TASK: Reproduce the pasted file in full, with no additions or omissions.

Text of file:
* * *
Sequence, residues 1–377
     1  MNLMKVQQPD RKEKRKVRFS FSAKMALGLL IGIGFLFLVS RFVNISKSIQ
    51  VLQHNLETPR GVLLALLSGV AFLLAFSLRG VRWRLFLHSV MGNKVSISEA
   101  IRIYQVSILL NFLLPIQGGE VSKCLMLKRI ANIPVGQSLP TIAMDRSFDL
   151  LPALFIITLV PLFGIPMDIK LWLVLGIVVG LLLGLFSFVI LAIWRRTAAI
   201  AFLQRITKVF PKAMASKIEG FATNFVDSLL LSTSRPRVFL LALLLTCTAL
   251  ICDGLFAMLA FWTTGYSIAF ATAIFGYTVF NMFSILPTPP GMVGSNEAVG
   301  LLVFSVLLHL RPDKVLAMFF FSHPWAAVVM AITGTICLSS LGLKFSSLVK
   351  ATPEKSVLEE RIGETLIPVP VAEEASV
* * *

Sequence, residues 1–377
     1  MNLMKVQQPD RKEKRKVRFS FSAKMALGLL IGIGFLFLVS RFVNISKSIQ
    51  VLQHNLETPR GVLLALLSGV AFLLAFSLRG VRWRLFLHSV MGNKVSISEA
   101  IRIYQVSILL NFLLPIQGGE VSKCLMLKRI ANIPVGQSLP TIAMDRSFDL
   151  LPALFIITLV PLFGIPMDIK LWLVLGIVVG LLLGLFSFVI LAIWRRTAAI
   201  AFLQRITKVF PKAMASKIEG FATNFVDSLL LSTSRPRVFL LALLLTCTAL
   251  ICDGLFAMLA FWTTGYSIAF ATAIFGYTVF NMFSILPTPP GMVGSNEAVG
   301  LLVFSVLLHL RPDKVLAMFF FSHPWAAVVM AITGTICLSS LGLKFSSLVK
   351  ATPEKSVLEE RIGETLIPVP VAEEASV